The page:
Sunday, December 27, 2009

27 DEC 09: Calm After the Storm

Around 5:45 Saturday evening, I saw my first line of shoppers. But strangely, it was NOT inside the Walgreens store. It was outside the store, at the Redbox movie rental machine. I'm not sure if this reflected people with new DVD players, or a stunning lack of good sports events on TV.

Because I keep a seventh-day Sabbath, I didn't go to any stores until sunset Saturday. That means I missed the 5:00 a.m. after-Christmas sale at one of the big department stores. At first I considered this absurd - but then I remembered how I woke up my parents at 5:15 a.m. on some Christmas mornings when I was a boy.

A few Columbus stores were open until 12:00 midnight Thursday. I don't remember stores doing that in recent years. Were they trying to help every last-minute shopper they could -- or trying to salvage a bottom line for the year?

For one store in downtown West Point, the "Christmas rush" was the end of the line. Hengstler's Jewelry Store closed after 95 years of business -- which should be a hint that salaries at the Kia plant aren't quite as large as we dreamed.

The midnight pinch on one end and the 5:00 a.m. reopening on the other end left Friday like an island. The only businesses which seemed to be open were convenience stores, 24-hour pharmacies and movie theaters. Speaking personally, eating buttered popcorn at the movies makes more sense than stringing it around a tree.

(I was reminded this year of a former co-worker who likes to say certain things are "slower than Christmas." When WTVM doesn't even have a 12:00 noon newscast, you know it's slow.)

But anyway: I went to Walgreens to follow my sweet custom -- taking advantage of half-priced chocolate. Yet when I walked inside, the place was practically empty. And even though other shoppers had a 13-hour head start, some half-priced bags of M&M's actually remained. Now this is a chocolate lover's version of a "Christmas miracle" - well, after the fact.

"It must be a lot calmer now than a few days ago," I said as I walked right up to the woman at the Walgreens cash register.

"Oh my g**h," the woman answered. For some people, the "peace on earth" part comes after the deadline.

There's another group of workers now relieved of annual year-end pressure - teachers, especially in elementary schools. One substitute teacher told me this weekend about some second-graders, who tried to get her to take a stand on Santa Claus. No, NOT whether he's a conservative Republican because he leaves gifts only for good girls and boys....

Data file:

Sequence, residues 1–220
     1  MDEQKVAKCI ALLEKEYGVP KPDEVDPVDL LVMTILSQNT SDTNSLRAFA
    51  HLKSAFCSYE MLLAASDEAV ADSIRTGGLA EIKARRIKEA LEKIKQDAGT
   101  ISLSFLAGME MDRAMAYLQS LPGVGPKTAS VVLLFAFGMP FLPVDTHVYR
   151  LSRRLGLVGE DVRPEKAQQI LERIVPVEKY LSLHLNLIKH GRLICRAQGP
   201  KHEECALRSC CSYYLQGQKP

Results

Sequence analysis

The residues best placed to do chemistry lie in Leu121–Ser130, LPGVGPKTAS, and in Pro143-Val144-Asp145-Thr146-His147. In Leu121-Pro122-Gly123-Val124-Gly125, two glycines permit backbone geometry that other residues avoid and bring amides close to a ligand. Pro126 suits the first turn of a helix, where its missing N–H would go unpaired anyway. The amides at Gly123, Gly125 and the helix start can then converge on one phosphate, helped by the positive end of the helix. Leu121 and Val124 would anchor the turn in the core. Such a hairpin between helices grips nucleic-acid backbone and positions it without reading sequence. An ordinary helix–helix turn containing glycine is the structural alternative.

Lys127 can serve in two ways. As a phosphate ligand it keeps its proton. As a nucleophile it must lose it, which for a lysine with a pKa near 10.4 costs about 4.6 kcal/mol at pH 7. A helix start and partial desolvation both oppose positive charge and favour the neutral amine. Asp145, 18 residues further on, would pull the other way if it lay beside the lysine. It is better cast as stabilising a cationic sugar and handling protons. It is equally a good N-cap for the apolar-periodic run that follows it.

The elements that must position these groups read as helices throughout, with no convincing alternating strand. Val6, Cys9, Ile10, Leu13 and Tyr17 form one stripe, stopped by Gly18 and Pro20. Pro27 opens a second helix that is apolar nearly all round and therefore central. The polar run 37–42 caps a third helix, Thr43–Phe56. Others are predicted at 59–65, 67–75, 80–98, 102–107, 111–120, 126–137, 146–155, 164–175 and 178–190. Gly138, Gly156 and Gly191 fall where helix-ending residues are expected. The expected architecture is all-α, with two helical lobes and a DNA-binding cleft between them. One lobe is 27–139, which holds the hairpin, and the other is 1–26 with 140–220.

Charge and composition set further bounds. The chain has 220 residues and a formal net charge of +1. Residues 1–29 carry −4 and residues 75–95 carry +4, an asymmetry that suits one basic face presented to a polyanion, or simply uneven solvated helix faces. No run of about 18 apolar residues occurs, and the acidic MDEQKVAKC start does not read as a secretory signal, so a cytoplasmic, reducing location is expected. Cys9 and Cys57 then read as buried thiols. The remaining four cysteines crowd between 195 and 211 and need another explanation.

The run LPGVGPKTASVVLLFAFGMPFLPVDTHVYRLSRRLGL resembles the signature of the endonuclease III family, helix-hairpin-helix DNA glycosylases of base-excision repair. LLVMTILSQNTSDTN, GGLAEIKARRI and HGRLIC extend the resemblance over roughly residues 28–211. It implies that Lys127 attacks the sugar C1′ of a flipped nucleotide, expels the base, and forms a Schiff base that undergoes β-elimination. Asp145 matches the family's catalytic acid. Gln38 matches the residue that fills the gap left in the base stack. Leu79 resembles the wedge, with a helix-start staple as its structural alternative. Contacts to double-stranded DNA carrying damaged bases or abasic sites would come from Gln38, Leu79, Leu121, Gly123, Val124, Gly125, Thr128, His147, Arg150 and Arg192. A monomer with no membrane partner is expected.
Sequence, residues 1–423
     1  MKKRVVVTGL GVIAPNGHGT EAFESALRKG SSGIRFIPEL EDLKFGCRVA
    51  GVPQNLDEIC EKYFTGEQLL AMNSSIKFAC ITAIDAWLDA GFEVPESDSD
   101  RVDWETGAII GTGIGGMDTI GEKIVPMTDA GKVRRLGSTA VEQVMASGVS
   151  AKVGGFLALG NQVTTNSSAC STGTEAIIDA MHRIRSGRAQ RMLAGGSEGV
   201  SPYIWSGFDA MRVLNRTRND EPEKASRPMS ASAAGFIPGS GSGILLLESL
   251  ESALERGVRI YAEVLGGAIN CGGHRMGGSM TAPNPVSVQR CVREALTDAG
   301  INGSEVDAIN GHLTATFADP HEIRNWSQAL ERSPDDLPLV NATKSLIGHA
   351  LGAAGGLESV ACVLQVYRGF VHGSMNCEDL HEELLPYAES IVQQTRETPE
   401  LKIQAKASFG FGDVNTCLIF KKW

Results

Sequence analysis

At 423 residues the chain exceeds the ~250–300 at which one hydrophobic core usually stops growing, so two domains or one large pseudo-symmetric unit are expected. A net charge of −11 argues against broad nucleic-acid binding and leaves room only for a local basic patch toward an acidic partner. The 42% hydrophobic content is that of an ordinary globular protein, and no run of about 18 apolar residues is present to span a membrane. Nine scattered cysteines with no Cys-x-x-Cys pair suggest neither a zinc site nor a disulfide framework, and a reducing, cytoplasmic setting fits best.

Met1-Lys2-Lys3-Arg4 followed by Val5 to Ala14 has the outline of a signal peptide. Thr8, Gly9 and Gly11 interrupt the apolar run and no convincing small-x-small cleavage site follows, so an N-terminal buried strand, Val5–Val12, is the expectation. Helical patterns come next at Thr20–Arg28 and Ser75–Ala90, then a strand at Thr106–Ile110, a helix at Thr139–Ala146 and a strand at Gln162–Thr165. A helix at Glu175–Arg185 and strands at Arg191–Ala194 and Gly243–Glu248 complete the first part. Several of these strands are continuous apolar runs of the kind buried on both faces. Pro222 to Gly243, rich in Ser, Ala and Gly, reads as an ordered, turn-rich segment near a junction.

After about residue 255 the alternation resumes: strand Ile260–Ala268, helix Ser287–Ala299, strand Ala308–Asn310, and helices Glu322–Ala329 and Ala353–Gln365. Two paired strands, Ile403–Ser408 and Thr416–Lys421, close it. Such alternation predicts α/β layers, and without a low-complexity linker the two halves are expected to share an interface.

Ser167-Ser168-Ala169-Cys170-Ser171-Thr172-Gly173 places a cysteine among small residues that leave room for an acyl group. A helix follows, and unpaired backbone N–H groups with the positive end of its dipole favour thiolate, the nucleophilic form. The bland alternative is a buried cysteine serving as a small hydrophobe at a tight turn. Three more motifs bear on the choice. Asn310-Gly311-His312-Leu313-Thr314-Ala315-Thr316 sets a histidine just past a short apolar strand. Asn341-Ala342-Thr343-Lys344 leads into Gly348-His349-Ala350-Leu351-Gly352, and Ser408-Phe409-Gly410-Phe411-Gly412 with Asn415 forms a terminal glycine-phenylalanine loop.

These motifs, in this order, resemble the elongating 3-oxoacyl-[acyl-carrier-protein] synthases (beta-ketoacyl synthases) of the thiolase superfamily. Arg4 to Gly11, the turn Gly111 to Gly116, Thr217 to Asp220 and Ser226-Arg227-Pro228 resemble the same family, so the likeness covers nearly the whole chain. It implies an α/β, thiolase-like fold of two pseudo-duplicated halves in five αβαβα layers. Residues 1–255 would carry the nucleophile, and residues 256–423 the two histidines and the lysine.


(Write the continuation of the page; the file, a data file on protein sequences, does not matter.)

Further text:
The woman told me she dodged the question. "I'm here to teach social studies. We're not going to get into that," she told the second-graders - knowing if she declared Santa Claus a myth, she'd get in trouble with school administrators. Who would have thought Santa and Darwin have something in common?

We probably won't know for a few days how the year-end shopping binges went in the Columbus area. One man reported online he couldn't find "Wii Rock Band" sets anywhere in town. So I assume he cried "Wii! Wii! Wii! Wii!" all the way home.

One Auburn business reported sales of college gear are better when the football team has a winning season. So let's see -- that means the Tigers are up. Crimson Tide items are way up. And based on the news of Saturday night, Gainesville, Florida is on the brink of a depression.

-> Our other blog starts with poker, then goes in directions you might not expect. People around the world visit "On the Flop!" <--

BLOG UPDATE: Columbus fireworks specialist Stephen King told me Saturday night he faces at least 15 days of hyper-baric treatment, starting Monday. He still could lose his feet, due to infection after an assault in Richland. I'd suggest police there go ahead and arrest a suspect - before a lawsuit makes them wish the entire city had tracked him down.

Now let's check other news items from the holiday weekend:

+ The Friday late-afternoon temperature on the Columbus Civic Center sign was 59 degrees F. -- which is strange, because the official temperature at the airport was 47. The sun wasn't shining on South Commons, so what could explain this? There weren't even that many skateboarders burning up the concrete.

+ Columbus Police reported someone was robbed at gunpoint at the front door of RoadAmerica on Victory Drive. Aw, c'mon - I don't think that office really looks like a strip mall.